Spirited effort: One Brazilian state stands out as a model of efficiency Espírito Santo has managed to stay out of debt, unlike most of Brazil

THE MOQUECA in Espírito Santo, a state of 4m people on the coast of south-eastern Brazil, is lighter than the fish stew in Bahia, its neighbour to the north, explains a tuxedoed waiter in the capital, Vitória. Capixabas, as Espírito Santo residents are called, like it that way. Their beaches are smaller than those of Rio de Janeiro, to the south; their colonial towns plainer than those of Minas Gerais, to the west. Once considered signs of inferiority, these now seem like symbols of frugality. Other states are so indebted they cannot pay salaries, but Espírito Santo’s accounts are in order.

That is thanks largely to the last governor, Paulo Hartung, who ran the state from 2003 to 2010 and then again from 2015 to last year. Mr Hartung stood in 2014 on an austerity platform, arguing that “spending is taking the elevator while revenue is taking the stairs”. On taking office he set about shrinking spending by 14%. His work means that Espírito Santo is now a model for other Brazilian states to follow.

Brazil’s fiscal incontinence is legendary. The number of civil servants grew by 60% between 1995 and 2016, to 12m. Since public-sector workers cannot be fired or have their pay cut, they become a permanent expense once hired. Perks such as raises for seniority can even extend to widows’ pensions, producing the unique “post-mortem promotion”. Nearly 80% of government spending in Brazil goes on salaries and pensions, compared with a global average of 50-60%. “Instead of a state that serves the public, you have a state that serves the state,” says Samuel Pessôa of the Brazilian Institute of Economics at Fundação Getúlio Vargas, a university.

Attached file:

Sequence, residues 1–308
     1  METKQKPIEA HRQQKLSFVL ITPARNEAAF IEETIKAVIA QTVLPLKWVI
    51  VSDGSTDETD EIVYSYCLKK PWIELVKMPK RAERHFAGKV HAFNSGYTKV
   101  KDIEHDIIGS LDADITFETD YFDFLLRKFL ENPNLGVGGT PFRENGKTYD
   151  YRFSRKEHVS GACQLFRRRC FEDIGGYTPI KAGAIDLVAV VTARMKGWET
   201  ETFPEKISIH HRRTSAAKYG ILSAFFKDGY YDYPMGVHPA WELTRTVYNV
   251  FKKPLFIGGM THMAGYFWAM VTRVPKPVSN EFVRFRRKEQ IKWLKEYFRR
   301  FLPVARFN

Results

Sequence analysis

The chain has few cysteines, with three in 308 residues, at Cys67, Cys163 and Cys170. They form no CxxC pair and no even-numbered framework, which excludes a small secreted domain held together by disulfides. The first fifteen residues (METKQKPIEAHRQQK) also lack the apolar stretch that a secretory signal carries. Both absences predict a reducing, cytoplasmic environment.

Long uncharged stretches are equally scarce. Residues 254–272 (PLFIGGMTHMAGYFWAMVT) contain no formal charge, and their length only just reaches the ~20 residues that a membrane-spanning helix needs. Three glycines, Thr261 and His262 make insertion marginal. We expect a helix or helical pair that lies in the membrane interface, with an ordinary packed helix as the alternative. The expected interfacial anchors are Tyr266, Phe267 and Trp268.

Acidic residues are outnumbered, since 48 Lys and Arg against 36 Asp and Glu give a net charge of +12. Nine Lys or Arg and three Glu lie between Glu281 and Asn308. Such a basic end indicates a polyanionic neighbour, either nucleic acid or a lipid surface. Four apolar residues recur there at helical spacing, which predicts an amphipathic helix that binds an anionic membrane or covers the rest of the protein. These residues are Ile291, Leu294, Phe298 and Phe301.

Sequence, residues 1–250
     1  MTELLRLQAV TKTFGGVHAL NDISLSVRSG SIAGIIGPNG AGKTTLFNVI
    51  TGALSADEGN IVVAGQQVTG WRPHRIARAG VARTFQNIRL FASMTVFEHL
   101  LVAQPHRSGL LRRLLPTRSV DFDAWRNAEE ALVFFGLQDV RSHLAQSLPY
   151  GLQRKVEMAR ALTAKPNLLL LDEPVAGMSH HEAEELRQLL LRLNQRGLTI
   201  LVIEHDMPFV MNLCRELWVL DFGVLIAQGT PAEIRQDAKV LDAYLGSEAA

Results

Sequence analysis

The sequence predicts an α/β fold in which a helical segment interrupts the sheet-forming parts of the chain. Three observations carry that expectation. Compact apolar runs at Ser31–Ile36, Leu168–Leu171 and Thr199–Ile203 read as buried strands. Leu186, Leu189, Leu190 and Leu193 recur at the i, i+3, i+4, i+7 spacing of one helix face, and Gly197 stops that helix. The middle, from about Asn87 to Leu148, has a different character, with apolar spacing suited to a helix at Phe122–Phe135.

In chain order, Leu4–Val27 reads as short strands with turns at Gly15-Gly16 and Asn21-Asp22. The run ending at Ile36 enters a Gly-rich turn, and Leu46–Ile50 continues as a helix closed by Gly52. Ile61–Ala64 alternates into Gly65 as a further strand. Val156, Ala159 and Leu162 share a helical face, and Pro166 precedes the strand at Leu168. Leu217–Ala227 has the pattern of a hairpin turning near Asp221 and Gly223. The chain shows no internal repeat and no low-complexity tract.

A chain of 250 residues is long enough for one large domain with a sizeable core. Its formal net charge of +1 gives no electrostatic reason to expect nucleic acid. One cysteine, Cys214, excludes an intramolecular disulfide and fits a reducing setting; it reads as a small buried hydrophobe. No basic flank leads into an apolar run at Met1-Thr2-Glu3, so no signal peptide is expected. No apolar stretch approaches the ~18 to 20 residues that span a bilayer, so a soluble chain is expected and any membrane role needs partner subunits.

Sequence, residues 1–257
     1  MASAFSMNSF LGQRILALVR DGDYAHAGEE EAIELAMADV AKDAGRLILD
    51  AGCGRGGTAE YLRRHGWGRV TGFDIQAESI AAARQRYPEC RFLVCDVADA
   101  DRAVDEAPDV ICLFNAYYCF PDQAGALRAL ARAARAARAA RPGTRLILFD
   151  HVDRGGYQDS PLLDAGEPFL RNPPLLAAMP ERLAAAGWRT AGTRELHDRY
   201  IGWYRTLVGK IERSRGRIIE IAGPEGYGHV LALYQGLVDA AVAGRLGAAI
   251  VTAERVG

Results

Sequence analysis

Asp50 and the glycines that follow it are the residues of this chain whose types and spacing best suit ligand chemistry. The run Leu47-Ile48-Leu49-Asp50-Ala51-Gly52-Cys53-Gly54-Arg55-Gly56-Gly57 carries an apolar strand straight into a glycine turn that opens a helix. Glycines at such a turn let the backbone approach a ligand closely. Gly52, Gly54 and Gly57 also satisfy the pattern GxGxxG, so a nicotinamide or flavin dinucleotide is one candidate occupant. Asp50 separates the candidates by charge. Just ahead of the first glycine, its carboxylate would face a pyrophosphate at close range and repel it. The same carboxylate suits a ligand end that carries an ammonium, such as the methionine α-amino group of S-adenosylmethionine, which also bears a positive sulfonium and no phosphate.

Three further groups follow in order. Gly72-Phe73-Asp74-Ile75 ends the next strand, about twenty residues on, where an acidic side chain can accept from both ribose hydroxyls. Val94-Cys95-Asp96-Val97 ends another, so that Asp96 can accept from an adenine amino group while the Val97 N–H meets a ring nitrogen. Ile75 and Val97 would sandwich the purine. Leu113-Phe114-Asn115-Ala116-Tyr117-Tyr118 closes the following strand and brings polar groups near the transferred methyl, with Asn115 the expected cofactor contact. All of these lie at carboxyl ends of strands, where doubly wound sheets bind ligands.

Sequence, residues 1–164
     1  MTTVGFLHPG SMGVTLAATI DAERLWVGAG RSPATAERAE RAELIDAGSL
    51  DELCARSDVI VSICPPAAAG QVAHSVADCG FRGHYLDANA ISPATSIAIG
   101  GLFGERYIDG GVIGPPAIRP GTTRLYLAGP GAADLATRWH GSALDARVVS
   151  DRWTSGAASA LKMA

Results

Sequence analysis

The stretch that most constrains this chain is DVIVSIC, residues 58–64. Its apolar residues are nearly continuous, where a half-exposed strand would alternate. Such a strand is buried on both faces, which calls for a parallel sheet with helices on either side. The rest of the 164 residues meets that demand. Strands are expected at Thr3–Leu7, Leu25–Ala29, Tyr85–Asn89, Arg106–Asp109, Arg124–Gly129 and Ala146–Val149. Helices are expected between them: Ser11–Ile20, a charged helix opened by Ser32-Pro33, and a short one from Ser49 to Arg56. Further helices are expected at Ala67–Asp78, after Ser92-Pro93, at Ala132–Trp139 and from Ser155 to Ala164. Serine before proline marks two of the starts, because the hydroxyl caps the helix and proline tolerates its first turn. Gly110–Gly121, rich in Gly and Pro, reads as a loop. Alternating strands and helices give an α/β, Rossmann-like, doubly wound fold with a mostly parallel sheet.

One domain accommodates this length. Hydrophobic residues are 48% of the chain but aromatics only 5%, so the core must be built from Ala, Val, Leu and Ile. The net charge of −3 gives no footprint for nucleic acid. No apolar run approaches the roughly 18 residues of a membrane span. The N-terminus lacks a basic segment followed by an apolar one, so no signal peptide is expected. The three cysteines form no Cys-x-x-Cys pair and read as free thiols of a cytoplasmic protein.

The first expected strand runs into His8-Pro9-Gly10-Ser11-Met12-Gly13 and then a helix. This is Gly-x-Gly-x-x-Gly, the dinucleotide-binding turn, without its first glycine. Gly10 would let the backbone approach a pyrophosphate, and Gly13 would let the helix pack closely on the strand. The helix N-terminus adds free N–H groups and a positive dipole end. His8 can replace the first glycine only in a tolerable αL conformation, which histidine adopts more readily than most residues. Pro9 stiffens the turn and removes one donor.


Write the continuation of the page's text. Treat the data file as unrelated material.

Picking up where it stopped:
These days the crisis is worst at the state level. The 27 states’ combined pensions shortfall alone is growing by 140bn reais ($35bn) a year, more than that of the federal government. The deficit has doubled in the past five years. Seven states already do not have enough cash to pay salaries; 12 more are close.

Under Dilma Rousseff, Brazil’s president from 2011 to 2015, states like Rio de Janeiro depended on treasury-guaranteed loans from state banks to keep spending. But Brazil’s new president, Jair Bolsonaro, has promised to reduce the size of the state. His treasury head, Mansueto Almeida, has made debt relief conditional on efforts to comply with a fiscal-responsibility law—passed in 2000 but long ignored—that restricts spending on personnel.

So how has Espírito Santo stayed in the black? One thing that sets the state apart was foresight about the depth of Brazil’s worst-ever recession, which began in 2014. Other governors believed the then president Ms Rousseff, who promised a quick recovery. “We underestimated the size of the crisis,” admits Julio Bueno, the treasury secretary in Rio de Janeiro at the time. Brazil’s GDP fell by 3.8% in 2015 and by 3.6% in 2016. Rio ended up with a budget deficit of 11bn reais. Espírito Santo finished both years with a surplus.